Riders and workers deliver 1,000+ petition signatures to Governor, Senate leadership demanding affordability, equity on the MBTA
BOSTON – Riders and transit workers fed up with the high cost of riding the MBTA called on the Legislature Tuesday to take urgent action to pass a low-income fare provision, and on Governor Baker to sign it into law.
“The best thing we can do is to make sure there is a low-income fare,” said Senator Lydia Edwards. “The only way we can honestly make sure that we’re representing everybody in the Commonwealth – and if you look at this wonderful, beautiful tapestry of individuals you see all colors, you see workers, you see professionals, you see people in unions, you see working people trying their best to make sure they represent everyone here. We are the Commonwealth. This is who we are. This is who we represent. And, this is the right thing to do right now.”
The Public Transit Public Good Coalition, representing transit workers and riders across Massachusetts, held a press conference at the State House to call on the Legislature and Governor Baker to sign low-income fare provisions into law to improve equity at the MBTA. The group also entered the State House and presented a giant CharlieCard with more than 1,000 petition signatures to Speaker of the House Ron Mariano, Senate President Karen Spilka, and Governor Baker.
“When you’re in a family of low-wage workers, every penny, every cent counts because a $90 monthly pass is a lot for my family. And even for a bus card, that’s $50, but that’s still a lot,” said Huiquin Huang, of the Chinese Progressive Association. “So what I do is that sometimes I walk 15 minutes to the bus so that I can save 70 cents because that 70 cents will go to my next ride for the bus. And this is how I make sure that we can put food on the table.”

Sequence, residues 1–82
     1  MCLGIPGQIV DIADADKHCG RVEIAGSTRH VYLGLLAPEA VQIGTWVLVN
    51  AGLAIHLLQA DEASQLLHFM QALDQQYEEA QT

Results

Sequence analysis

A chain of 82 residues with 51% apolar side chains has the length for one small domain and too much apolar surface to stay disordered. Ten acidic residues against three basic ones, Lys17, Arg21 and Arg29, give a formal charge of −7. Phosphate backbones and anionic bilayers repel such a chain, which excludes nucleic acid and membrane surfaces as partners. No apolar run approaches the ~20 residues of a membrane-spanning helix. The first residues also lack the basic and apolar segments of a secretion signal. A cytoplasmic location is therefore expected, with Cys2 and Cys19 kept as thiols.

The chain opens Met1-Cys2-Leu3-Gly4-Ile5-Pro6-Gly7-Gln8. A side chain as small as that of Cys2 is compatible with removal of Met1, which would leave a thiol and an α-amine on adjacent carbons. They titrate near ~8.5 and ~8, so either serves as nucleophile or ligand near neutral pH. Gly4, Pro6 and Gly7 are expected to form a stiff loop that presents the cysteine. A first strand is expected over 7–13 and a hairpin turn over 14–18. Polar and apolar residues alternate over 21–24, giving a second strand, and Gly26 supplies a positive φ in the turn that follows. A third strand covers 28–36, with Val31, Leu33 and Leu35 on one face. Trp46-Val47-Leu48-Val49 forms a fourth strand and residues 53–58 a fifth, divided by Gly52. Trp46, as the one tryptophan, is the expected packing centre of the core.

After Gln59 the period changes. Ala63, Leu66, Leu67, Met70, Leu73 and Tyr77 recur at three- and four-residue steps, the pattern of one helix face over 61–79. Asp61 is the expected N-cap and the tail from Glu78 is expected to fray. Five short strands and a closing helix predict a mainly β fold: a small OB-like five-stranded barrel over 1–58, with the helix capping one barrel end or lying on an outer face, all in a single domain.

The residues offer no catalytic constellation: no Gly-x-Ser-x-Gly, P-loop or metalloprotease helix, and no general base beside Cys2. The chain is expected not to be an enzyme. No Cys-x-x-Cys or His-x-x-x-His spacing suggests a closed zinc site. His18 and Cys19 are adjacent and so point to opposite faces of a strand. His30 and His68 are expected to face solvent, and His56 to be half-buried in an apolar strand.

“Whether you ride the subway every day or not, we’re all in this together. Boston has long been a leader in transit, the first subway system in North America opened here in 1897. It’s once again time for us to lead by working to make transit more accessible and equitable,” said Jim Evers, President of Carmen’s Union Local 589. “Low-income communities and communities of color disproportionately rely on public transportation to get where they need to go. We cannot meaningfully uplift these communities without adequate support and funding for our MBTA system. Low-income fares are just one small step we can take to make the system more fair and equitable.”
“I remain hopeful and look forward to continuing this work with my colleagues in the legislature, as well as with dedicated advocates, many of whom are behind me, the labor groups, and so many others here this afternoon who have worked tirelessly to advance this issue and get us where we are today. But we have more work to do, to get this bill passed,” said Representative Adrian Madaro.
Historically, service cuts by MBTA management have hit workers and riders hardest. For years, working people and communities of color have carried a disproportionate burden of the cost of running the MBTA, and now, with inflation soaring and ridership down, that burden is even more pronounced. The crisis at the MBTA is affecting people across the Commonwealth who count on this service to be affordable and equitable every day.
Polls show support for a low-income fare is high – at 84 percent – across the Commonwealth. The Legislature has passed this commonsense policy before, only to see it vetoed by Governor Baker, another example of his failure of leadership on public transit. In the final weeks of the session, elected leaders and Governor Baker must take this vital step in solving the MBTA crisis by passing a low-income fare.
About Public Transit Public Good Coalition
Public Transit Public Good is a partnership of transit workers and riders throughout Massachusetts fighting for the future of public transit. Community Labor United convenes PTPG. Visit publictransitpublicgood.org to learn more.